UPDATE ON THE NEWS (3/21/11): An Illinois Senate Committee has kayoed a bill to mandate helmet usage for children and adults. The legislation's sponsor, Sen. Ira Silverstein, acknowledged he has never skied and thought the measure was "precautionary." Sen. Shane Onarga wondered aloud, "Why do you feel the state has to be the mother of everyone who wants to go skiing?" 


Illinois, a state with only four ski areas, is considering a proposed bill (SB 57) making its way through legislature that would require skiers and snowboarder to wear helmets. Currently no other state requires snow sports enthusiasts to wear helmets.

The irony is that the Prairie State does not require cyclists and motor cycle riders to wear helmets even though they are in far greater numbers than skiers and snowboarders.

The proposed Ski Slope Safety Act would require everyone to wear a helmet all the time they are at the ski area. The ski area operator would be responsible for making sure everyone utilizing the snow sports area had a helmet, posting signs of the requirement, and having helmets available.

Mike Murphy, president of [R107R, Chestnut Mountain Resort], the state's largest ski resort, feels the bill is fundamentally flawed.

"It should be up to individuals and parents to make that decision," he told OnTheSnow. "We support the use of helmets for obvious safety reasons.  We have over 600 helmets on hand for rent and more for sale. We have seen an increase in the number of rental helmets going out and those sold.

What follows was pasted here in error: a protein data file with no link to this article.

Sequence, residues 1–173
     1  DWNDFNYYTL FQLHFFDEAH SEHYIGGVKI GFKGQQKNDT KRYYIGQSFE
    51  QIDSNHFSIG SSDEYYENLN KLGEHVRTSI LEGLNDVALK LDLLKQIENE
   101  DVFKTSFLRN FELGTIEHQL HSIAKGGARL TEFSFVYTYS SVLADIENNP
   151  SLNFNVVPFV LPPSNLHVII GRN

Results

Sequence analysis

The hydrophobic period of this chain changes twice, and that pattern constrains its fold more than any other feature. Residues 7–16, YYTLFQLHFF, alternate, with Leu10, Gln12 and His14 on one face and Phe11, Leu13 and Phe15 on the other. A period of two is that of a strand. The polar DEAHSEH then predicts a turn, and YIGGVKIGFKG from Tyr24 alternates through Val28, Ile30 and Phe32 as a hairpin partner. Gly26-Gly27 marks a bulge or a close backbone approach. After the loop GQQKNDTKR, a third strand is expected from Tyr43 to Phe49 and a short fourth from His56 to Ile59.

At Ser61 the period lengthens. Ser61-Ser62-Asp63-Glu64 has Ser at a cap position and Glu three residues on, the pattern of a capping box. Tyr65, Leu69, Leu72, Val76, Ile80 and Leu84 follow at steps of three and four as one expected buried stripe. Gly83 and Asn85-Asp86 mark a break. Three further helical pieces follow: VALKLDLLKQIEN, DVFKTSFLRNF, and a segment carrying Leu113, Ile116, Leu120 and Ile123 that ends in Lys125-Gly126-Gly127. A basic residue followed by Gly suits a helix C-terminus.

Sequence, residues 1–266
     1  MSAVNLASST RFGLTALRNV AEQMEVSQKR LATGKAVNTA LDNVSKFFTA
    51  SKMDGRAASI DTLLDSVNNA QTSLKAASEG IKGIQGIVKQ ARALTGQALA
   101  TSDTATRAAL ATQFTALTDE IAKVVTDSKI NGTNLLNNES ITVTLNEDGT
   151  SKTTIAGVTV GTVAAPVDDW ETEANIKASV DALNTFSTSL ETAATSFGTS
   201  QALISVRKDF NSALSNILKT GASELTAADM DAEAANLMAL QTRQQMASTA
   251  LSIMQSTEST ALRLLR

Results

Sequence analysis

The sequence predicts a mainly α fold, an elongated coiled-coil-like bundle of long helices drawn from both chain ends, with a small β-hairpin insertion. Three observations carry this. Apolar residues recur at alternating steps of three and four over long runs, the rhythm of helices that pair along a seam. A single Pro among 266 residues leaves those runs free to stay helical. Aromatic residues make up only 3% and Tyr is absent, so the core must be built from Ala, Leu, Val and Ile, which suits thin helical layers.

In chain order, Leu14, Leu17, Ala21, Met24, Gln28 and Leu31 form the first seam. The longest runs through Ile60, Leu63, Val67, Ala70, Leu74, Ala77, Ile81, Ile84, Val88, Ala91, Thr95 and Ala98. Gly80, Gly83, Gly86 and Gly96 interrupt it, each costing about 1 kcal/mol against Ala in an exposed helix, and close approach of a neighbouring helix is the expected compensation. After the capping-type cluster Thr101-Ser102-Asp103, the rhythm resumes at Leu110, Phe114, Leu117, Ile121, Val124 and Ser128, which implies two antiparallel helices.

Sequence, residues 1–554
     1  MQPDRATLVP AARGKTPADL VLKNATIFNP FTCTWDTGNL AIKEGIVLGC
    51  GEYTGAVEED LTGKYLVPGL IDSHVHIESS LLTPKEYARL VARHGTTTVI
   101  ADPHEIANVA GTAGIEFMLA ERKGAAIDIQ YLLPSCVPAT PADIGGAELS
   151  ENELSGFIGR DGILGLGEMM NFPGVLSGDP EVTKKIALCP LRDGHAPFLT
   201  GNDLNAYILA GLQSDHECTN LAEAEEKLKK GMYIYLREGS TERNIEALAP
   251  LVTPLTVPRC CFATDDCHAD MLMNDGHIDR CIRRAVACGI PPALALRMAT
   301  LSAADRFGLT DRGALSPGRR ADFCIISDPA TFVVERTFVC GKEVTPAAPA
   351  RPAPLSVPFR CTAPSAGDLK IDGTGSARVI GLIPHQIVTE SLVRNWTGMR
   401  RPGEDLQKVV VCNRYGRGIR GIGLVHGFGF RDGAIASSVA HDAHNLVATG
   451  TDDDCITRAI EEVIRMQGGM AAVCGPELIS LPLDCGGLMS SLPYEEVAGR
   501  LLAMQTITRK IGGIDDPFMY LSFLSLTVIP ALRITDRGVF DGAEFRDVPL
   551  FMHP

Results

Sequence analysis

Through the "Lids on Kids" initiative from the National Ski Areas Association, of which Chestnut is part, and other educational efforts, ski helmet use is already at 87-percent for kids' age nine and under and 75-percent for 10-14 year olds, Murphy pointed out.

"This bill would harm our industry and the state. Illinois resorts average around 175,000 skier visits per season, which is only slightly more than one percent of the state's population," explained the longtime ski area operator. "Many of our customers come from our neighboring states Iowa, Wisconsin, Missouri and Indiana, which don't have such a law.

"This law would encourage skiers and snowboarders to stay in those states, not coming to Illinois. It would take away from our customer base, and further deplete Illinois' tax revenue at a time we can ill afford it."

He wondered how you would enforce it, and what the penalties would be.

"It's just not a well thought out plan.  The bill is unnecessary, fundamentally flawed and would harm Illinois businesses. What more do you need to know," Murphy emphasized. "I've gone on record to our senator with my opposition to this bill."

The way the bill is currently worded, requiring skiers and riders to wear their helmets all the time while at the area, would mean, in Chestnut's case, making sure they wear them to bed.  It's the only Illinois ski area with a hotel.